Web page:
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lung cancer vaccine

BCG vaccine for COVID-19 – is a 100-year-old vaccine beneficial?

Ignoring quackery and Trump’s ignorance about chloroquine, it seems like everyone is throwing stuff at the wall to see if it works. Recently, while researching an article on coronavirus vaccines, I noticed that some were pushing the BCG vaccine for COVID-19.

I wanted to see if there was any evidence supporting the BCG vaccine for COVID-19, so here’s what I found.Read More »BCG vaccine for COVID-19 – is a 100-year-old vaccine beneficial?

COVID-19 vaccine

COVID-19 vaccine research for coronavirus – updated 26 March 2020

This article about COVID-19 vaccine research has been completely updated and can be found here. The comments section for this article has been closed.

Because the development of a potential COVID-19 vaccine is of massive interest currently, and because I have a passion for vaccine research and development, this article will a guide for vaccines involved with the coronavirus. It will be updated regularly, and I will post to social media when it is updated.

Right now, there are several COVID-19 vaccine candidates being developed by large and small pharmaceutical companies. Of course, social media will make it sound like they are all just around the corner, and they will all work.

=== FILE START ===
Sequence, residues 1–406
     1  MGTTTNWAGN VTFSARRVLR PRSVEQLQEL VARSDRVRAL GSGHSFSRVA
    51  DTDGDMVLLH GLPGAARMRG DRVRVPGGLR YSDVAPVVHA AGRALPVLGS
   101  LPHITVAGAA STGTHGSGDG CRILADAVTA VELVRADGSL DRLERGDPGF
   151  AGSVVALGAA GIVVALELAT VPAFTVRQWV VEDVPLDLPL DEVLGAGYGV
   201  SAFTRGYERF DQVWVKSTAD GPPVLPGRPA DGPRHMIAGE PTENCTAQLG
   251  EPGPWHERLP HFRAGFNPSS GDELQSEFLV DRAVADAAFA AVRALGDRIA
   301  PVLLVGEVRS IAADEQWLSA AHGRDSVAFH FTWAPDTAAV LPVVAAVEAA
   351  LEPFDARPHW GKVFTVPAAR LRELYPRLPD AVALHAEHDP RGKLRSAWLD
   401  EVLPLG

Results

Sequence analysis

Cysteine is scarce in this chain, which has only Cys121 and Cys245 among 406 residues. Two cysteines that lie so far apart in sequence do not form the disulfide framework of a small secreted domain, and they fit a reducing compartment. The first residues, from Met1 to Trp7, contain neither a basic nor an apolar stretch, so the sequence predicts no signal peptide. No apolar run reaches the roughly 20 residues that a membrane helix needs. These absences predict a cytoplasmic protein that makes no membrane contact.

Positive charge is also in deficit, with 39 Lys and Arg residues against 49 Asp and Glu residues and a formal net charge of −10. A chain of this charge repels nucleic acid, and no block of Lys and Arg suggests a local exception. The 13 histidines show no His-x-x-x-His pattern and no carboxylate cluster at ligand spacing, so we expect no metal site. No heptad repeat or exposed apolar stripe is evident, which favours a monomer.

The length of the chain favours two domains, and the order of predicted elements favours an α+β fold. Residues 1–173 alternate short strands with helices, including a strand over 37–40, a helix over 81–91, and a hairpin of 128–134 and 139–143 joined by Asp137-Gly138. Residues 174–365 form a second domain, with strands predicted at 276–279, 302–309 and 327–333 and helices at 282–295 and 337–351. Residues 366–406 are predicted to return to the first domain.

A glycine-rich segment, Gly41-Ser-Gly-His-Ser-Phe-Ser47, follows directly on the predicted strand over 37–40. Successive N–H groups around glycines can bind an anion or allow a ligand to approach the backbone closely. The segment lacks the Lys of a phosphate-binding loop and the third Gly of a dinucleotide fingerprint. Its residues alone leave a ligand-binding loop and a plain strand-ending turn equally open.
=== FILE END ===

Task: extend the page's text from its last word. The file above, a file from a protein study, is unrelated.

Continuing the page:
It doesn’t work that way, so let me keep you updated with this guide to COVID-19 vaccine research and development.Read More »COVID-19 vaccine research for coronavirus – updated 26 March 2020

Rand Paul

Rand Paul is wrong about vaccines – there is no debate

Rand Paul thinks there’s a “debate” about vaccines. On one side, the ignorant, the uneducated, and the logical fallacy lovers, without any evidence whatsoever, invent some dubious and truly head-shaking nonsense about the safety and effectiveness of vaccines.

On the other side (as if there really are two sides), are the educated, the logic lovers, and the skeptics who value published scientific evidence as to the most important and fundamental guide to determining a scientific consensus. This scientific consensus has determined that the earth is 4.5 billion years old, that all organisms on this earth have evolved from a single organism 3 billion years or so ago, and that vaccines are safe and effective. A scientific consensus exists not because I say it, it exists because a vast majority (not 51-49, more like 99-1) of experts in the field agree to this consensus.

Some people believe that a scientific consensus is based on some vote, political maneuvering, without understanding that a consensus in the US Congress (as if that’ll ever happen) is almost the opposite of how science works, and eventually arrive at a scientific consensus.

If there were a debate about vaccines, the pro-science/pro-vaccine side would score about 1547 points to 1 pity point for the deniers. In other words, it would be a world record victory for the real science side. 

But let’s get back to Rand Paul. 
Read More »Rand Paul is wrong about vaccines – there is no debate

COVID-19 vaccines

COVID-19 vaccines – rampant myths as annoying as Del Bigtree’s claims

I have tried to answer questions across the internet about COVID-19 vaccines, but it is getting frustrating. Some of these fantasies are as amusing and annoying as any of Del Bigtree’s ignorant claims about any vaccine on the market. 

Although I have written an article, which is regularly updated, about coronavirus vaccine development, apparently people want to believe that there are miraculous, magical COVID-19 vaccines just around the corner. 

Here’s a list of FAQs debunking some of the most pernicious myths about COVID-19 vaccines.Read More »COVID-19 vaccines – rampant myths as annoying as Del Bigtree’s claims